I was Professor of History of Art before my retirement (2015) and I remain an Associate with responsibility for several PhD supervisions. I remain an active scholar and my past and ongoing projects are outlined under the Expertise Summaries below. In addition, I am currently External Examiner for the MA in Art History, Curatorship and Renaissance Culture at the Warburg Institute, University of London.
In addition to my teaching and research activities, I have given lectures and conference papers at universities, museums and galleries throughout Great Britain, and, internationally, in the U.S.A. and Canada at Queen's University, Kingston, Ontario (2003); the J. Paul Getty Museum and the Getty Center for the History of Art and the Humanities (1995); the Museum of Fine Arts, Boston (1993); and the National Gallery of Art, Washington, and the University of Maryland (1991) amongst others. In Europe I have contributed conference papers and lectures at the Statens Museum for Kunst, Copenhagen (2012); the Rubenianum and Wetenschappelijk Onderzoeksgemeenschap Vlaamse Renaissance- en Barokkunst and the Rubenianum, Antwerp (1997, 1999, 2010, 2012); the Fondación Carlos de Amberes, Madrid (2010); the National Foundation Princess Marie-José, Brussels (2009) and the Royal Library, The Hague (1996), amongst others.
I work on aspects of the study, imitation and collecting of Italian art in Northern Europe during the seventeenth century, and, in particular, on the careers of the Flemish artists Peter Paul Rubens and Anthony van Dyck. I have also published extensively on seventeenth-century British art, in particular during the reign of Charles I, and on the history of collecting drawings, including the activities Nicholas Lanier (in Collecting Prints and Drawings in Europe c.1500-1750, ed. Christopher Baker, Caroline Elam, and Genevieve Warwick, 2003), and Padre Sebastiano Resta (Master Drawings 1996, 1998).
1. RUBENS. My main focus has been on Rubens's study and imitation of Italian art. My research on this topic has appeared as part XXVI (2) of the Corpus Rubenianum Ludwig Burchard on Rubens's copies and adaptations from Renaissance and Later Artists, a study that was published as three separate volumes. The first and second, on Raphael and his School (ISBN 978-1-905375-39-4) and Titian and North Italian Artists (ISBN 978-1-905375-40-0) respectively, were published in 2010, and the third, on Artists working in Central Italy and France (ISBN 978-1-905375-41-7) in 2011.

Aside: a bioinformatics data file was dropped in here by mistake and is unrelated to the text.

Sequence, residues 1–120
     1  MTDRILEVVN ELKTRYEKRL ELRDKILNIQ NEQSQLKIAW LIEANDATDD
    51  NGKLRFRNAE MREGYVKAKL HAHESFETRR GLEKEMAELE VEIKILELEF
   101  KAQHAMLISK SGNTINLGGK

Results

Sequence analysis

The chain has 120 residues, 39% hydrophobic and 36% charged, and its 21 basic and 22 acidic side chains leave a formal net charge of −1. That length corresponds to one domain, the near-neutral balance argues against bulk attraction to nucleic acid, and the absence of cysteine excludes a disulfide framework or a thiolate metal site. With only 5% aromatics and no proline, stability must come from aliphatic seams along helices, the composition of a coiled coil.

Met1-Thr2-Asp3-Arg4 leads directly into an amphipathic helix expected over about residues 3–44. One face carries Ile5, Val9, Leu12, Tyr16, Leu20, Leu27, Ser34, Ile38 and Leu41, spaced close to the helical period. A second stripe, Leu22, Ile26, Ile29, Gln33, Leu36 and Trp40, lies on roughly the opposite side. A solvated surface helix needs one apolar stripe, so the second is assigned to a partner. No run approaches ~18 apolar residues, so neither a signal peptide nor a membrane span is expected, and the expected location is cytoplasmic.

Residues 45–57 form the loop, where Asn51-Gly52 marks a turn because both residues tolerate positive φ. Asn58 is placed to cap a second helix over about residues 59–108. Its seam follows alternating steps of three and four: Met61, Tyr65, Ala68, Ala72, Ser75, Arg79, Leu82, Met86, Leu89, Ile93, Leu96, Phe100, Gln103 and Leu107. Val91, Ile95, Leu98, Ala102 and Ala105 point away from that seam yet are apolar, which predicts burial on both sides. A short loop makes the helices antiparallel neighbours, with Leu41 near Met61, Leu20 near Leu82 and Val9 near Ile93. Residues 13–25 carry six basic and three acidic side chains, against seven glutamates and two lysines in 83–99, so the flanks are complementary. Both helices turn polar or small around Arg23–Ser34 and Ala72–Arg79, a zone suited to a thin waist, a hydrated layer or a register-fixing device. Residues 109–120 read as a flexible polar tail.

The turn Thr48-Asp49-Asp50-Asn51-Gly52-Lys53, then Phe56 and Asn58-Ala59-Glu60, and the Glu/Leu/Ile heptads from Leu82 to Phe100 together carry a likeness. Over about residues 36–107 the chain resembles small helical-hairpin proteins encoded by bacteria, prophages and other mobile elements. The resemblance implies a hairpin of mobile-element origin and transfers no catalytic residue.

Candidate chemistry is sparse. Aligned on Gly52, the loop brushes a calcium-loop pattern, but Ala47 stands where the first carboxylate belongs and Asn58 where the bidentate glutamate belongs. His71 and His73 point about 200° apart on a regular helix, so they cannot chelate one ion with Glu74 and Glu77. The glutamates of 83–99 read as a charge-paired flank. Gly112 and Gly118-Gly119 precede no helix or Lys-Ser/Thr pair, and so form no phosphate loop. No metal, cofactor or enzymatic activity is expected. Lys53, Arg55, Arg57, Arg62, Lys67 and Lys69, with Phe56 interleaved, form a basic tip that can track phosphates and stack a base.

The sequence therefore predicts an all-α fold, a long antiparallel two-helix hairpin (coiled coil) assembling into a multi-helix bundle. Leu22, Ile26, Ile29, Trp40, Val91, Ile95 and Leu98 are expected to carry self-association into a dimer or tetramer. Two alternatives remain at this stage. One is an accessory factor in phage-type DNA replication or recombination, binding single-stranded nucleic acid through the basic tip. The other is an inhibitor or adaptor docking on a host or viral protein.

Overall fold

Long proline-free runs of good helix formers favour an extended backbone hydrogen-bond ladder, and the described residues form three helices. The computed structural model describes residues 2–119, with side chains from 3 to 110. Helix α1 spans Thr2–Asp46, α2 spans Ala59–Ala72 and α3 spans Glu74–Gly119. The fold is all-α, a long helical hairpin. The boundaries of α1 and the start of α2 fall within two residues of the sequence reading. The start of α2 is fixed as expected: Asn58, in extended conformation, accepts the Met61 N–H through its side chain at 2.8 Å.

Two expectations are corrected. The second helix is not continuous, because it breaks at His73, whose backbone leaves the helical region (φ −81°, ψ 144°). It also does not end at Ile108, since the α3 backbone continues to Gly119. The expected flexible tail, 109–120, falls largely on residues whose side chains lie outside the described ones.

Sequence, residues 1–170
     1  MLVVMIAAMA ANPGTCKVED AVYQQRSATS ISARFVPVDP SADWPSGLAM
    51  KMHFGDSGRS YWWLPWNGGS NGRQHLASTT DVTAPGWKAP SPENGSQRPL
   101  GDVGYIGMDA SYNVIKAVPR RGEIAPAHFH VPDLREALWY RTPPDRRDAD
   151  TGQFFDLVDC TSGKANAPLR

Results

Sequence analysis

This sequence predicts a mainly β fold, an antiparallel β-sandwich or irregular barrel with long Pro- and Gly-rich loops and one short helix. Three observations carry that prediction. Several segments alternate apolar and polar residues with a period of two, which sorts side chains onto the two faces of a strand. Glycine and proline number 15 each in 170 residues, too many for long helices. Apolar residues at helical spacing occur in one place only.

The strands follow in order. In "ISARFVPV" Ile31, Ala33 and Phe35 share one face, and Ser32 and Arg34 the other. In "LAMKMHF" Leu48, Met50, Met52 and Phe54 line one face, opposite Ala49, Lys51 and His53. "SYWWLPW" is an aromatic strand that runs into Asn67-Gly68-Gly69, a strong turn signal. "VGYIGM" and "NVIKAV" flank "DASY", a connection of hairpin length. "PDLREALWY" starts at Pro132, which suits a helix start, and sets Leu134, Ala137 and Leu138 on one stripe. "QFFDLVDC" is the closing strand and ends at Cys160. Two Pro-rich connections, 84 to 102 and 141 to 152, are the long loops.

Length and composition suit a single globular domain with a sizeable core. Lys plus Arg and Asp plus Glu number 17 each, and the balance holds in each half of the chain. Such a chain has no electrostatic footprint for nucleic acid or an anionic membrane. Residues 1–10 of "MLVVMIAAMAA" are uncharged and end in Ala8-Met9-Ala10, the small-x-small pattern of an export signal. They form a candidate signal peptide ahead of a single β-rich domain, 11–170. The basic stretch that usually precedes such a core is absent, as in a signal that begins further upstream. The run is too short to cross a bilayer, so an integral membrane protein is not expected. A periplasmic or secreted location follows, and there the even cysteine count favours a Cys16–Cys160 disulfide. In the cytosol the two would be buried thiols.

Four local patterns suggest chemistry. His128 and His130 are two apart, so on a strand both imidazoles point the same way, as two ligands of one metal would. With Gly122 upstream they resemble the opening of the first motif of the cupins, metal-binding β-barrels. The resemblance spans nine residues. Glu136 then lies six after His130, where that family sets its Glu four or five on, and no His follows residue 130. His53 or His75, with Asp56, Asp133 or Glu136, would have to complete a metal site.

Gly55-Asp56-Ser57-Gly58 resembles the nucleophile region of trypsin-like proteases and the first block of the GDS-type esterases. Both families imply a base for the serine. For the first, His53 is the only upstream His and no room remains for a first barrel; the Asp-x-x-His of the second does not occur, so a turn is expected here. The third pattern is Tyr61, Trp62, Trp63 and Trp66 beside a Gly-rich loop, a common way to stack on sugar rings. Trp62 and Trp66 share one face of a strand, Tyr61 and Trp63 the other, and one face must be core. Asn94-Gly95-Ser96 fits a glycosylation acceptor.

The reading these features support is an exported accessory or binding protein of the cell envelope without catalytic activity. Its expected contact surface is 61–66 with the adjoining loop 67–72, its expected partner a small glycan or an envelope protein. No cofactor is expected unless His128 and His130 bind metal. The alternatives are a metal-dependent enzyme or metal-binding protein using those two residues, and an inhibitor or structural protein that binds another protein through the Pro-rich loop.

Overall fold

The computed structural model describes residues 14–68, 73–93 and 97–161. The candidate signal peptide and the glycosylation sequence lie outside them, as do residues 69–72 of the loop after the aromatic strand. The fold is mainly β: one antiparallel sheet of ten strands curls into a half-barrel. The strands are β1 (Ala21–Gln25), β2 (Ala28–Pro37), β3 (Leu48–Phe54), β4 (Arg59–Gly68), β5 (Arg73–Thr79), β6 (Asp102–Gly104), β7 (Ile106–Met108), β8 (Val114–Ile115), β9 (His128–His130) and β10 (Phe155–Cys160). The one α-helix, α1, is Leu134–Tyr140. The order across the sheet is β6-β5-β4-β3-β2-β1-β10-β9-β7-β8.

I was curator of the exhibition Rubens. Drawing on Italy, held at the National Gallery of Scotland, Edinburgh, and the Djanogly Art Gallery, University of Nottingham, in 2002, and sole author of its catalogue (ISBN 1-903278-31-7). Before then I contributed to and edited (with Catherine Whistler) the catalogue Rubens in Oxford: An exhibition of drawings from Christ Church and the Ashmolean Museum (1988) and contributed to Rubens and the Italian Renaissance at the Australian National Gallery, Canberra (1992). More recently, I wrote part of the exhibition catalogue Rubens im Wettstreit mit Alten Meistern, Vorbild und Neurfindung for the Bayerische Staatsgemalesammlungen at the Alte Pinakothek, Munich (2009-10).
Essays by me on Rubens have appeared in Apollo (1995), Concept, Design and Execution in Flemish Painting 1550-1700 (ed. Arnout Balis and Carl Van de Velde, 2000), Munuscula amicorum. Contributions on Rubens and his Colleagues in honour of Hans Vlieghe (ed. Katlijne Van der Stighelen, 2006), and European Paintings 15th-18th Century. Copying, Replicating and Emulating (2014).
2. ANTHONY VAN DYCK. The main focus of my work on this artist has concerned his career in England between 1632 and his death in 1641. I have contributed essays on his collection in The Burlington Magazine (1990), on his work for the duke of Buckingham in Apollo (1992), for the earl of Northumberland in Van Dyck 350 (ed. Susan J. Barnes and Arthur K. Wheelock, Jr. , 1994), and for the earl of Bedford in Anthony van Dyck Conjectures and Refutations (ed. Hans Vlieghe, 2001). I contributed the entry 'Sir Anthony van Dyck' in the Oxford Dictionary of National Biography. Among my forthcoming publications is a study of Van Dyck dealings with James, 3rd marquis of Hamilton and the arrival of the collection of Bartolomeo della Nave in England, that will appear in the annual volume of the Walpole Society.
3. COURT OF CHARLES I. I have also written on patronage and collecting in England during the early seventeenth century notably on Inigo Jones in The Stuart Courts (ed. Eveline Cruickshanks, 2000) and The Art Bulletin (1992), and on Peter Oliver in Master Drawings (1998). My studies of Orazio Gentileschi's career in England have appeared in Simiolus (2000-01), and, in collaboration with Gabriele Finaldi, in the catalogue of the exhibition Orazio and Artemisia Gentileschi (ed. Keith Christiansen and Judith W. Mann, 2001). Other studies have included the architectural patronage of the 10th earl of Northumberland in English Architecture: Public and Private (ed. John Bold and Edward Chaney, 1993), and a discussion of Caravaggism in England has appeared in I Caravaggeschi. Nell'anno di Caravaggio. Il primo repertorio completo dedicato al pittori caravaggeschi in Europa (ed. Claudio Strinati and Aessandro Zuccari, 2010).
2014. 'The Problem of the Portrait Copies painted by Rubens in Madrid, 1628-29'. In: European Paintings 15th-18th Century. Copying, Replicating and Emulating. CATS Proceedings I, 2012 Archetype Publications in association with CATS (Centre for Art Technological Studies and Conservation), London. 87-94